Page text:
Warrnambool St. John's Presbyterian Church Memorial Window Back to Search

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Location 22 Spence Street, Warrnambool, Victoria, Australia
Type stained_glass_window

St. John's Church, Warrnambool, was designed by Andrew Kerr and built in 1876. It was largely destroyed by fire in 1920 and local architect, JJ Forrester, was entrusted with the rebuilding. This included the replacement of leadlight windows throughout, and in November 1921 Montgomery quoted £298.5.0 F.O.B. Melbourne, for twelve nave, two transept, two porch, and three small front windows.

The subject of the memorial window was the Crucifixion as a group in the centre light, flanked by St. John and St. Paul, and St. Michael and the Archangel Gabriel in the outer panels. The Burning Bush, symbol of the Presbyterian Church, was placed in the topmost tracery piece, with the sacred and secular symbols of peace and victory below. The base panels of the central light held the badge of the Australian Commonwealth Military Forces. The memorial was unveiled on Sunday 27 August 1922. Earlier that month Forrester had written to congratulate Montgomery on the final results: 'I am pleased to say I am very satisfied with the windows. They are finer than I expected. The sketches were beautiful but the windows are more beautiful and this is the opinion of everybody...The big window is a standing advertisement of the skill of your firm. There is nothing second rate about that or any of the other windows throughout...'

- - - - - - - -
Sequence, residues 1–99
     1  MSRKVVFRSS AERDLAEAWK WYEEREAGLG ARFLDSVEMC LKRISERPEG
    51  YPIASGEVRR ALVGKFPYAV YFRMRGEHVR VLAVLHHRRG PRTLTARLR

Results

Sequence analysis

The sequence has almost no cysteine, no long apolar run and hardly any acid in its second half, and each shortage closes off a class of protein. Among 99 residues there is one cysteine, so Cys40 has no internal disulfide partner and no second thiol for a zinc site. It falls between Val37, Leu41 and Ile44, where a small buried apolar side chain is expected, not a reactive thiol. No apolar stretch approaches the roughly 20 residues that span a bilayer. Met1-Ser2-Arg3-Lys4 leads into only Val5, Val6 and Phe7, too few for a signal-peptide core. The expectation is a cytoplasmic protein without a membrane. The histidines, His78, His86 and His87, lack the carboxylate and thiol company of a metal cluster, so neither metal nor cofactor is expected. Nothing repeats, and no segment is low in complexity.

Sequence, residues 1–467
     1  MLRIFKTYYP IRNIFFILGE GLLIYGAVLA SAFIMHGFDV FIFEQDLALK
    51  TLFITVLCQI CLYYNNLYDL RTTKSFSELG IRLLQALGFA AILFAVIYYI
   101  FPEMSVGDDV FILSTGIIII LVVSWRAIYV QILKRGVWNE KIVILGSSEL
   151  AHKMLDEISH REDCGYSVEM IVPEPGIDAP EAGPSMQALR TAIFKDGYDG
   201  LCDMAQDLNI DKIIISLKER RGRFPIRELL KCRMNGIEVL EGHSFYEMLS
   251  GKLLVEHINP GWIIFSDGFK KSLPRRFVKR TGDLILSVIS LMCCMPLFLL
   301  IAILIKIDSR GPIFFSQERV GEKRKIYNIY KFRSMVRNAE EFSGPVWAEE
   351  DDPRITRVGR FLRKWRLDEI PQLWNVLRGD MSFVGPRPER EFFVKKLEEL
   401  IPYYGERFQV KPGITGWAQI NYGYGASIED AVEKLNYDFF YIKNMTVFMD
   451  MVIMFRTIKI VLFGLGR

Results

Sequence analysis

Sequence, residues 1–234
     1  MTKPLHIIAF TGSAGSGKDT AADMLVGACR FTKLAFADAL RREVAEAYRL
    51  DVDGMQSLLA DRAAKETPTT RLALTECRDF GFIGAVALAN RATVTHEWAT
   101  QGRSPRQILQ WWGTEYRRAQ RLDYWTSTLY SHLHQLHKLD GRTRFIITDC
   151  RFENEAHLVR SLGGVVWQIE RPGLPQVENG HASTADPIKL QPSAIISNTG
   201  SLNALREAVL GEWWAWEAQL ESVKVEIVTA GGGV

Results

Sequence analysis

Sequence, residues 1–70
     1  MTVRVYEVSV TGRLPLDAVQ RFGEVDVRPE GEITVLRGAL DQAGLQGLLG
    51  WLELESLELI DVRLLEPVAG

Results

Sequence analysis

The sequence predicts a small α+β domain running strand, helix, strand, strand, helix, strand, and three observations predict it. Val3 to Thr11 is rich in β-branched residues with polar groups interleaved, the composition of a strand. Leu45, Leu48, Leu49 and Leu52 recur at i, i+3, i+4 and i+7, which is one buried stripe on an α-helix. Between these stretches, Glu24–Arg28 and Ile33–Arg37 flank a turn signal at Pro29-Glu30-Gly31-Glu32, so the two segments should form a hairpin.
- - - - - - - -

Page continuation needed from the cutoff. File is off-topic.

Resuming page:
The scale draing, in watercolour, pen and ink, brush and brown ink, measuring 54.4 x 25.0 cm., is held in the National Gallery of Australia collection, and a photograph of the same sketch is in the State Library of Victoria. The Honour Board, unveiled on the same day, contained the names of 138 men who had gone to war from the church.

Built Not yet discovered
Opened Not yet discovered

The window was dedicated by the people of this congregation as a tribute to the men who went and were spared to return from the Great War 1914 - 1918



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